My father, who famously eats almost anything, once told me that eating oysters is like “swallowing a cup of cold snot”. He is not wrong, I’ve tried them myself. Until last week, though, I’d never had one baked, which turned out to be quite revelationary. A baked oyster is the smoother, softer cousin of the scallop, and this one was smothered in melted parmesan and black truffle, a shellful of rich flavour that was silky, not slimy. It was exquisite.
The oysters, along with a great number of other gastronomic triumphs, were served up at Bob Bob Ricard on Beak Street, where I was attending a dinner in its private dining room. I’d brought along my housemate, James 2, who is one of these trendy designery types and therefore spent the entire evening in a state of wide-eyed glee because the restaurant is, well, just beautiful.
It has, however, taken them a very long time to perfect. Inspired by the dining carriages of the Orient Express and designed by interior designer bigwig David Collins, it has a wood fire and all sorts of steampunky details that create an atmosphere of understated decadence that hints of the romance of the railroad. (The old, glamorous kind, obviously. Any restaurant inspired by the filthy carriages of London Midland, I think, would not carry the same charm.)
But on to the food, which we all know is the best bit. Bob Bob Ricard is known for its rich twists on traditional English fare, so the menu is full of such dishes as venison tartare and chicken, mushroom & champagne pie served with truffle gravy, In fact, the whole thing is pretty truffle-heavy, it seems to be a surefire way to fancy things up, and why not? Those things are delicious.
We started with a selection of starters, which were heavy on seafood: salmon tartare, crab salad and sea bass ceviche, which is raw fish cured with lemon or lime juice. James 2, the fish fanatic, devoured everything as politely as possible, but my favourite thing was in fact the truffled potato and mushroom vareniki, a bite-sized Russian dumpling served with sour cream and a tiny halo of crispy onion served atop each one.
At such restaurants (i.e. posh ones), it’s sensible to split main courses in order to try as much as possible, so James 2 and I decided to share. I chose the three-bird burger, because how could I not? THREE BIRDS! And not even peasant fowl like chicken either, this was a juicy combo of quail, guineafowl and duck, encased in a brioche bun with stuffing and orange & cranberry chutney. The combination was enough to make Henry VIII go weak at the knees. We weren’t in Byron Burger country any more, that was for sure.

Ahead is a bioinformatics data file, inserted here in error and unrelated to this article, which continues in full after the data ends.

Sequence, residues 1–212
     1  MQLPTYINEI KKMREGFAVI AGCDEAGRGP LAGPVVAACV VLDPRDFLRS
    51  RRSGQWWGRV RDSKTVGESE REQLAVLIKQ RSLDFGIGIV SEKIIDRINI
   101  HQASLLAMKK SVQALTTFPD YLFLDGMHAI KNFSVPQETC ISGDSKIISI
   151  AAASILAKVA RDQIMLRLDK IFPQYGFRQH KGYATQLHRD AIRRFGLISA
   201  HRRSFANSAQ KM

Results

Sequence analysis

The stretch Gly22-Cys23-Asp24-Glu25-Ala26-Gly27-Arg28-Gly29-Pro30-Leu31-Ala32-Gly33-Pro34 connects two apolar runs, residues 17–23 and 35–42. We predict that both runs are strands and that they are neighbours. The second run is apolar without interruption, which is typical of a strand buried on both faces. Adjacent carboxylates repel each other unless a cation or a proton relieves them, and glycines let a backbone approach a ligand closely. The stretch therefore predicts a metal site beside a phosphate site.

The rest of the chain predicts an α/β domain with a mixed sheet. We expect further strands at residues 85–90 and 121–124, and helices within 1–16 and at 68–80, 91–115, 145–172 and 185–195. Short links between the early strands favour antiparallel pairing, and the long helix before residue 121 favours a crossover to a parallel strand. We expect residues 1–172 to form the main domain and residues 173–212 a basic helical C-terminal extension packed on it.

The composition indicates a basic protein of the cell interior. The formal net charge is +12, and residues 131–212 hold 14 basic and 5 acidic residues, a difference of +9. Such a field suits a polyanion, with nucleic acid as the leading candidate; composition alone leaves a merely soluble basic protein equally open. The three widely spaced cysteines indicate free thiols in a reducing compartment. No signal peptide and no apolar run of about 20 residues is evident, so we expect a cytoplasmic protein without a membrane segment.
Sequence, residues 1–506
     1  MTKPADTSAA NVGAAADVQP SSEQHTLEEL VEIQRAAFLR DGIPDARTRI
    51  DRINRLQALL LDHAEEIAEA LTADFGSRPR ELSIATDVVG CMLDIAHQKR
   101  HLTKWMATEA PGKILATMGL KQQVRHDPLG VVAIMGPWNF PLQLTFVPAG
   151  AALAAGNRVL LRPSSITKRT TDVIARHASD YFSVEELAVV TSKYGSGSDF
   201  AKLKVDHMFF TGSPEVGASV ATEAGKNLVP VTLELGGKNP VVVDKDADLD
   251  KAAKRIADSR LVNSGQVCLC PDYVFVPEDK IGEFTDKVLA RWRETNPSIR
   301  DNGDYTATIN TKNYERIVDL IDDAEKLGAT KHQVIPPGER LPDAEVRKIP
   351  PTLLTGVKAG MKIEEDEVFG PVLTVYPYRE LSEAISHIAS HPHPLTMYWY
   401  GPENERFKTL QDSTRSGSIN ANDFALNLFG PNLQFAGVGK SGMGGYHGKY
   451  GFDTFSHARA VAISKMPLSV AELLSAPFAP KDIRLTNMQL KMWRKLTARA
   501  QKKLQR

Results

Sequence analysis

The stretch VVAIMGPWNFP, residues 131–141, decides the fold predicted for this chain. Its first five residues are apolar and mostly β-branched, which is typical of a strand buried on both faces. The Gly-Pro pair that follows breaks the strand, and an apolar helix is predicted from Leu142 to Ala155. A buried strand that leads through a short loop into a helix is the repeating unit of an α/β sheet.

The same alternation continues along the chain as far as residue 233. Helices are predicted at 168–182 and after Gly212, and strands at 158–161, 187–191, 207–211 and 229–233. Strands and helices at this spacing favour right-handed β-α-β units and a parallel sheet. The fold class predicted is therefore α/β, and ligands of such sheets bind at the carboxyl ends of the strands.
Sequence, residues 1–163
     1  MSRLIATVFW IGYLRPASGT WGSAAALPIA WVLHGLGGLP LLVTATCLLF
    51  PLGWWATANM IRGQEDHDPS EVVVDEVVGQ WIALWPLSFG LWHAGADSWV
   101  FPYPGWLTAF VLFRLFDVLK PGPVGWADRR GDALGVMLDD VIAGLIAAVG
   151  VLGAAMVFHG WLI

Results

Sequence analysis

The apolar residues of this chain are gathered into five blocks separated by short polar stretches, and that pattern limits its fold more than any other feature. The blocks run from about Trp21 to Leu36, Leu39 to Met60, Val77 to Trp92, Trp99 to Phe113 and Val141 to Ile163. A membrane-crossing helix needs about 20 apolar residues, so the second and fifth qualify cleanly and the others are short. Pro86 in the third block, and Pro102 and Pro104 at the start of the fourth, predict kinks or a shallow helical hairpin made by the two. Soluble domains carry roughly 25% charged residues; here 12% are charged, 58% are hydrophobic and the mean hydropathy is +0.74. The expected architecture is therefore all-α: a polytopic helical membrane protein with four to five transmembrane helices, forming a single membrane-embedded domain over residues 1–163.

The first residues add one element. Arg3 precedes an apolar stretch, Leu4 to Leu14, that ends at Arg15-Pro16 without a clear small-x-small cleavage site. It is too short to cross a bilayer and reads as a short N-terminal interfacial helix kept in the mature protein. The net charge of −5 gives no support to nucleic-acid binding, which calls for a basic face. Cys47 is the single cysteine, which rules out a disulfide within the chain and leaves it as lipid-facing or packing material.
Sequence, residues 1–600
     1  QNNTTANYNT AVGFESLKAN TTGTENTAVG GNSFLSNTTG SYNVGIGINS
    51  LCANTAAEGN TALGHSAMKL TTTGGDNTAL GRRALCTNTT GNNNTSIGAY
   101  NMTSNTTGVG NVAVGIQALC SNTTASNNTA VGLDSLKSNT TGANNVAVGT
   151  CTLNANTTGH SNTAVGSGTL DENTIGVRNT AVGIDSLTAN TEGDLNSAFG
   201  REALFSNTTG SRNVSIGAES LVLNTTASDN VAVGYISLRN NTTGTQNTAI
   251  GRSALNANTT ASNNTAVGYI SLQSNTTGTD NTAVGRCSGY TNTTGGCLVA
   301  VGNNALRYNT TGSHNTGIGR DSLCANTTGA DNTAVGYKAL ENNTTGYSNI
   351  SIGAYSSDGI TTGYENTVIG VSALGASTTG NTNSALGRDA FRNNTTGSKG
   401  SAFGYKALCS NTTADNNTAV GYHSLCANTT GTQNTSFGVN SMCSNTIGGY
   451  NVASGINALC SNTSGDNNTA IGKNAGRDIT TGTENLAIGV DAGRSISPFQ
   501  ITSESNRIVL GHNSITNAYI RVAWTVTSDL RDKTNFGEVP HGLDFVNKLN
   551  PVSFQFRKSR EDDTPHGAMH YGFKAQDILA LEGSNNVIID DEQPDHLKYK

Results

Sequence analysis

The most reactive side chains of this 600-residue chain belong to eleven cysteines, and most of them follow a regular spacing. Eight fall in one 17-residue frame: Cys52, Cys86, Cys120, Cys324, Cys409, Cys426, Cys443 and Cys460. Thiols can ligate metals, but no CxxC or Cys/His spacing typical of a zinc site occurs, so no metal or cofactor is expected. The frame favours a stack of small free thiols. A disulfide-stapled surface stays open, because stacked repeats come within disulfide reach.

James 2 plumped for the ‘Chateaubriand for One’, an enormous slab of beef cooked to such breath-taking perfection I’d put it near the top of the Fit Meat List, along with bovine-bothering royalty like Gaucho and Hawksmoor.
I love chips more than almost anything else, but on this occasion I had a fit of uncharacteristic sophistication and chose the truffle mash to fill in as my carby sidekick instead. I’m glad I did; bugger me if it was not one of the most delicious things I’ve ever tasted. When I am old, fat, toothless and have no fucks left to give, I will absolutely be eating this for every single meal.
We also ordered the parsnips and carrots with a vague notion of getting some veg in there, but it was cooked in beef dripping so probably doesn’t count.
By the end, we were stuffed. We’d eaten a lot of very sumptuous, buttery food and I was already feeling weighed down, not just with the steak and harem of small fowl that was on its jolly way though my digestive system, but with mounting horror and guilt as I realised how much work I was going to have to put in at the gym the next day.
But then pudding happened. I was going to just have a coffee, or perhaps a scoop of the salted caramel ice cream. But somehow my order got, er, confused, and I ended up with this:
Behold! the Chocolate Glory, a hot, sexy mess of chocolate mousse, chocolate brownie, meringue and passionfruit & orange jelly, encased in a golden globe of milk chocolate. It’s basically what Harry Potter would have had for his birthday if he hadn’t been locked in his room for it every year. The waiter ladled hot chocolate over the orb, which caused it to melt and cave in, revealing the hidden
calories treasure inside.
James 2 had the trio (!) of creme brulee: one chocolate, which was very good, one Earl Grey, which was interesting and novel but not OMG-GET-INSIDE-ME delicious, and one passionfruit, which was. Good god, it was insane. It’s up there with the truffle mash.
And then we rolled our way home. The food isn’t cheap, but it is magnificent. It’s actually usurped my previous favourite restaurant, Hakkasan, on the oysters alone. It’s a good shout for a special occasion, although if you keep your hands off the famous ‘press for champagne’ buttons found at every booth, you can eat here relatively inexpensively. Sure, you can spend £80 on 30g of caviar, but the venison cheeseburger, for instance, is only £16.75 – still pricier than your average burger, but not ruinous. And for the eclectic decor and truffled oysters, it’s worth treating yourself at least once.
You can find Bob Bob Ricard at 1 Upper James St, W1F 9DF, near Carnaby Street, and the full menu online.
Author: Emily Gibson
Emily is an urban adventurer, blogger and
glutton foodie on an epic quest to uncover the best things to eat, drink and do in London. She lives in East London and loves ceviche, cycling and magic shows. Lifelong nemeses include beetroot, beards and wine served in tumblers.